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The Show Must Go On

Heroes Remember

So the rest of my leave there we decided things quietened down the next night, they didn’t bomb and then the next night we decided to go to the theatre which was a couple of blocks up the street. So we go to see a picture up there, I forget even what the picture was. But when I went in to the entrance they stopped me and they said, “At the end of the program we ask all service men that are here to represent and you are Canada which is really something,” They hadn’t seen a Canadian around Birmingham. “Would you come up on the stage where they play God Save the King and all that at the end of the program?” “Yah, okay!” So the bombing is going on all the time that we’re there so I figured it’s further away. So it comes time and all the audience is there and the picture has ended and they come up and they introduce all the troops, the fighting men of England. So we go up on the stage and I’m standing there and Tommy Handley, you know, the big comedian there, he’s next to me, he’s on the stage, that’s one reason I went there and a piano boy and he’s got my arm and we’re swinging and (inaudible), sing song yah. And the woman beside me, I forget her name, she’s one of the actresses and she says, “Hang on to me, I’m scared to death” I said, “Why, they haven’t hit close.” She says, “The whole top of the roof of the theatre is on fire, they just dropped a stick of incendiaries on us.” And they have asked us to stay here and carry on and as we are singing the people are leaving because if we yell that we’ve been hit there’s going to be panic, people killed. So we had to sit there and wait until everybody waltzed out, they didn’t know until they got out that the theatre was on fire. And then we made a run for it out the back door, the whole damn roof was blazing when we were there.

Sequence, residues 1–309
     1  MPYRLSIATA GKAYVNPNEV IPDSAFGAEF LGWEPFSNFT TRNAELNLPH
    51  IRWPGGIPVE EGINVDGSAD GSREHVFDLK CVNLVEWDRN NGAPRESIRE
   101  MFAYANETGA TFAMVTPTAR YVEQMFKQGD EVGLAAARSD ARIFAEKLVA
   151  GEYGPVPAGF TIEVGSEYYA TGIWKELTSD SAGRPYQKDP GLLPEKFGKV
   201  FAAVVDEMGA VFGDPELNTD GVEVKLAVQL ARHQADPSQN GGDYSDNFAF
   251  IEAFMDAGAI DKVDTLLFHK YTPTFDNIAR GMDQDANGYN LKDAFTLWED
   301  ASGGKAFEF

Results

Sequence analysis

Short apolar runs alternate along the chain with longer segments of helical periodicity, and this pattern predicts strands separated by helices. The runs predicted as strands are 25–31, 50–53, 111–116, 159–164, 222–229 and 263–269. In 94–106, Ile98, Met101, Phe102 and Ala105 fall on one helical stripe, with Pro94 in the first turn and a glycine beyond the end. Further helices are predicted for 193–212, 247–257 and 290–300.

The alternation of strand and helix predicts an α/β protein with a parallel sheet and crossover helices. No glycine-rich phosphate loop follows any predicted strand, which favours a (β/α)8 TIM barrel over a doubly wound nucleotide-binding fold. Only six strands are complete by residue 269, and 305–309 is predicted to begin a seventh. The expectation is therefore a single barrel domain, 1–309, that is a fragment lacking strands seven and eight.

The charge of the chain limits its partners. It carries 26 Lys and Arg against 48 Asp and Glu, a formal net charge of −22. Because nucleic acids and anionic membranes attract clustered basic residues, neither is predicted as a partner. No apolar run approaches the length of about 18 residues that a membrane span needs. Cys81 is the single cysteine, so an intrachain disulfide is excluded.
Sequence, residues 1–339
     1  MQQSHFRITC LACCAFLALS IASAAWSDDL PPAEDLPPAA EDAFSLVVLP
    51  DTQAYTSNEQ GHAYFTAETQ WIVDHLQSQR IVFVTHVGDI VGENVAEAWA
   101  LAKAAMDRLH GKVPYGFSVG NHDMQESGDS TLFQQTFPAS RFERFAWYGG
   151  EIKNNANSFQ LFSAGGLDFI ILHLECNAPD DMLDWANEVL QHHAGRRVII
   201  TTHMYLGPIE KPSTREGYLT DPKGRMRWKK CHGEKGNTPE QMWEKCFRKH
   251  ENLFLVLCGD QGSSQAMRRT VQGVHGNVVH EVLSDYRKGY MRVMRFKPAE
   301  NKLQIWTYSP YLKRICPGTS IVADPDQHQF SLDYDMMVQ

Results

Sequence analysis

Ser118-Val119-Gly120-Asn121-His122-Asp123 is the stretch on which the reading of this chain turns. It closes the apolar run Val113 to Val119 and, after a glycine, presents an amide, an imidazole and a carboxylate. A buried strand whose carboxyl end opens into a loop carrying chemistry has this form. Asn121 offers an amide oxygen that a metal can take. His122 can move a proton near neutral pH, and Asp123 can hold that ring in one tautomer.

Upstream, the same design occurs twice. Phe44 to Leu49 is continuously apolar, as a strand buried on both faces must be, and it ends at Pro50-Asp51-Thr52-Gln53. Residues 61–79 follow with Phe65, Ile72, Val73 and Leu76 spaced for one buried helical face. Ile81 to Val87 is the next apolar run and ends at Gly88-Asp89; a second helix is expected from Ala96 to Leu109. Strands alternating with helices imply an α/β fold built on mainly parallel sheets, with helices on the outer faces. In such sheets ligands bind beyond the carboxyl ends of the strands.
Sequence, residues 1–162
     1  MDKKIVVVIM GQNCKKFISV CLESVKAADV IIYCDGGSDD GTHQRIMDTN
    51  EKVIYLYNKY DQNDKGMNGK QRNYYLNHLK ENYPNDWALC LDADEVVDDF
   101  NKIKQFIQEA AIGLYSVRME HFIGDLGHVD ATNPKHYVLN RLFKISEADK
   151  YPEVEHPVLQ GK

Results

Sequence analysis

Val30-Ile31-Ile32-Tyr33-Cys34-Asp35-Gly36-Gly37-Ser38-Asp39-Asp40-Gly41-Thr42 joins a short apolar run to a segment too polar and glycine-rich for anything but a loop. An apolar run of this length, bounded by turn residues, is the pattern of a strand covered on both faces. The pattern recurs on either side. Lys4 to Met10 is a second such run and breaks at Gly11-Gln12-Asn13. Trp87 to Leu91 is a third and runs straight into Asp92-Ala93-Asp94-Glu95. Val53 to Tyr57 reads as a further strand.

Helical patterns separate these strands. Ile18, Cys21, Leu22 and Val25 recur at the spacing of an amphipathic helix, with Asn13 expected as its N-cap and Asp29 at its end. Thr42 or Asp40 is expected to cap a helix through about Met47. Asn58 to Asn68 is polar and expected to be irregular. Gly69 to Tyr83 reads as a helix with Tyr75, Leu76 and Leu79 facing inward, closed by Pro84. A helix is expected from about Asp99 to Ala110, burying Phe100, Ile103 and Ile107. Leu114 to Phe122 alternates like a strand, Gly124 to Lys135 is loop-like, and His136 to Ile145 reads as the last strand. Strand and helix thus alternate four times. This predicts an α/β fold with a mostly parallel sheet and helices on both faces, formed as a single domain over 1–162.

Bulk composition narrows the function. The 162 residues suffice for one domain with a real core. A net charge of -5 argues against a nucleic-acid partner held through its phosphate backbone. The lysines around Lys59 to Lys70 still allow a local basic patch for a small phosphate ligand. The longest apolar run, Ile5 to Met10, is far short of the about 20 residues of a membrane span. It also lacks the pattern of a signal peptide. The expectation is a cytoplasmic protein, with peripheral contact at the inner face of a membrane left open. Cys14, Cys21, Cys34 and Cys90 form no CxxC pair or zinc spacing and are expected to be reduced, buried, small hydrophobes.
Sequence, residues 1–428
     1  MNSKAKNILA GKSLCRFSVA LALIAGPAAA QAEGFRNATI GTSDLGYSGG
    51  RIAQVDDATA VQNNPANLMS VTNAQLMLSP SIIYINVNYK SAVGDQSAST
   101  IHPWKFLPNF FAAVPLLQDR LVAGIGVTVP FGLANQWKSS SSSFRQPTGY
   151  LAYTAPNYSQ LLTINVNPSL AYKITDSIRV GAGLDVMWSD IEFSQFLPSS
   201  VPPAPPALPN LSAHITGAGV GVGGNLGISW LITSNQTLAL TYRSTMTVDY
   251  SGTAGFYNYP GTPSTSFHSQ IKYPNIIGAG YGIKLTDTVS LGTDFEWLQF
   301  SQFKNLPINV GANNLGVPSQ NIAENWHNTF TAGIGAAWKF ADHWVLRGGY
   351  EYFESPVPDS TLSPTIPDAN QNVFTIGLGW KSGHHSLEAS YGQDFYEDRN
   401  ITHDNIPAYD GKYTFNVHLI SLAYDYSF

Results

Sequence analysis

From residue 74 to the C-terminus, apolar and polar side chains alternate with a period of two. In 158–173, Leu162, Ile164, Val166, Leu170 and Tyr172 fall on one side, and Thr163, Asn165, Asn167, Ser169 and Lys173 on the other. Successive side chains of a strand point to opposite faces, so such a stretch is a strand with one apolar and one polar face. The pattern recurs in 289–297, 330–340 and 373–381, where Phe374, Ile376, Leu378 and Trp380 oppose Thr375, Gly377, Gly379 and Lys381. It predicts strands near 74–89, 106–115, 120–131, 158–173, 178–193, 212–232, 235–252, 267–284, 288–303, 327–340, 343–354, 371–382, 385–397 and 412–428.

An evening of theatre and singing gets a hot encore.

Joseph Anthony Ryan

Joseph Anthony Ryan was born in Montreal in 1920. The circumstances during the depression era saw him and his family moving to Thunder Bay, Ontario in search of a better life. Like many during this time, applying to Canada’s military was a way to find work, adventure and purpose, so in the late 30’s he joined the Lake Superior Regiment and began his training alongside the Princess Patricia’s Canadian Light Infantry and Lord Strathcona’s Horse (Royal Canadians). From participating in operations from Iceland to Dieppe to his time as a prisoner of war in Germany, Joseph Ryan’s stories bring us a unique perspective on the price paid for our freedom.

Meta Data
Veterans Affairs Canada
May 5, 2009
Person Interviewed:
Joseph Anthony Ryan
War, Conflict or Mission:
Second World War
Royal Regiment of Canada

Copyright / Permission to Reproduce

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